Quotes CCP

Daily Signal: Judge Warns 9th Circuit’s Use of Trump Campaign Pledge ‘Judicial Psychoanalysis’ (In the News)

By Fred Lucas
A federal judge is raising an alarm about “judicial psychoanalysis” resulting from the 9th U.S. Circuit Court of Appeals ruling on President Donald Trump’s executive order…
Applying campaign statements when interpreting law “sows chaos,” said Judge Alex Kozinski, who has been on the 9th Circuit since 1985, in his dissent…
The 9th Circuit majority cited three Supreme Court cases displaying precedent that “evidence of purpose beyond the face of the challenged law” can be applied in interpreting the intent of a measure…
However, those cases pertained to deliberations in making the law rather than campaign promises, noted Bradley Smith, chairman of the Center for Competitive Politics, a group that opposes restrictions on campaign speech.
“It’s definitely unusual for judges to use campaign statements to define whether an action is constitutional,” Smith, a former chairman of the Federal Election Commission, told The Daily Signal. “I doubt it would chill campaign speech, but it is a dangerous path. This could be very selectively enforced for candidates that use shorthand or off-the-cuff remarks. Already political discourse is too scripted. If this becomes a precedent, it will mean no spontaneity and pure teleprompter.”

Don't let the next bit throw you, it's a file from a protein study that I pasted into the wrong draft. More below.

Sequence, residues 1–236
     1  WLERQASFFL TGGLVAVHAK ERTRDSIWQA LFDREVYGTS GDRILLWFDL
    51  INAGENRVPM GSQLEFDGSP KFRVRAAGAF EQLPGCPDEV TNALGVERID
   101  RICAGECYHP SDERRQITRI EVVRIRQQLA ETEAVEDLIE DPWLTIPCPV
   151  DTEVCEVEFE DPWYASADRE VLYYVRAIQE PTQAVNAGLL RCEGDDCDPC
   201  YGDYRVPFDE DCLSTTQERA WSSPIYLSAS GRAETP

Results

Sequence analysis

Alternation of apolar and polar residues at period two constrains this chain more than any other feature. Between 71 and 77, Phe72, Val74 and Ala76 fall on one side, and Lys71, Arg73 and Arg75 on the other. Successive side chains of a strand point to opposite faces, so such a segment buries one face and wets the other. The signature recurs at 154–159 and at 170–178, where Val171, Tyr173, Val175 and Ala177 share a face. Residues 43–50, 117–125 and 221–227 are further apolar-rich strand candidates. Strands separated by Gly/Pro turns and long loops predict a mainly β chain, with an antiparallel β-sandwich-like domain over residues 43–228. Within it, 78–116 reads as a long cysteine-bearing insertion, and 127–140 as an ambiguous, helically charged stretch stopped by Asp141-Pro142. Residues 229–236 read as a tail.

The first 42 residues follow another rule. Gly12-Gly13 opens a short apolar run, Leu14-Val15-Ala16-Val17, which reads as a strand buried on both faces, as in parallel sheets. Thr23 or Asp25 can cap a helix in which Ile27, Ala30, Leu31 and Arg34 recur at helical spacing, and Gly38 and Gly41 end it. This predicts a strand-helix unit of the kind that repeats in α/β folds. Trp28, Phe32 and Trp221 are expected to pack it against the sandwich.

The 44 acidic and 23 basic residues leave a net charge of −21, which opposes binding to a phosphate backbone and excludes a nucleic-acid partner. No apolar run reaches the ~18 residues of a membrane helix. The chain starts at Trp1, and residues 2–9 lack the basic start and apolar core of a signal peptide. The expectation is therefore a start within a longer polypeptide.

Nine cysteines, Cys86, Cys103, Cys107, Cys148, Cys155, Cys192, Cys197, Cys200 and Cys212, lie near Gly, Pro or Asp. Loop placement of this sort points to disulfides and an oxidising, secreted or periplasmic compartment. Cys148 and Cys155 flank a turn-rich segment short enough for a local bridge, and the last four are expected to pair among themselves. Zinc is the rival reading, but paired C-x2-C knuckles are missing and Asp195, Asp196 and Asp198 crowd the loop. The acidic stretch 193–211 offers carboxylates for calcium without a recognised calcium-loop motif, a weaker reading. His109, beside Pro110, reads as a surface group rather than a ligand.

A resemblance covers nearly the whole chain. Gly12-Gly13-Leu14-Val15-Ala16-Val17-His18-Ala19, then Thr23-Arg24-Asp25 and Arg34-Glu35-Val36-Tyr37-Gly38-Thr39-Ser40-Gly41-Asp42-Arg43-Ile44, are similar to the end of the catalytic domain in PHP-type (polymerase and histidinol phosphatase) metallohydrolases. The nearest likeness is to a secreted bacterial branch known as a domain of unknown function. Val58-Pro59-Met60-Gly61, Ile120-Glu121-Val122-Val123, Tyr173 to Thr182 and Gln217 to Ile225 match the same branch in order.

Filed Under: Brad Smith, In the News, Quotes CCP

NPR: Trump’s White House Counsel Don McGahn Has Combative Record (In the News)

By Peter Overby
Peter Overby, Byline: Don McGahn was the lawyer for Trump’s presidential campaign committee. Like his boss, he takes a dim view of too much regulation. And like his boss, he isn’t shy about saying so. Consider this moment back in 2011, when McGahn was at the Federal Election Commission. He was arguing with another commissioner over the role of super PACs. Listen closely here.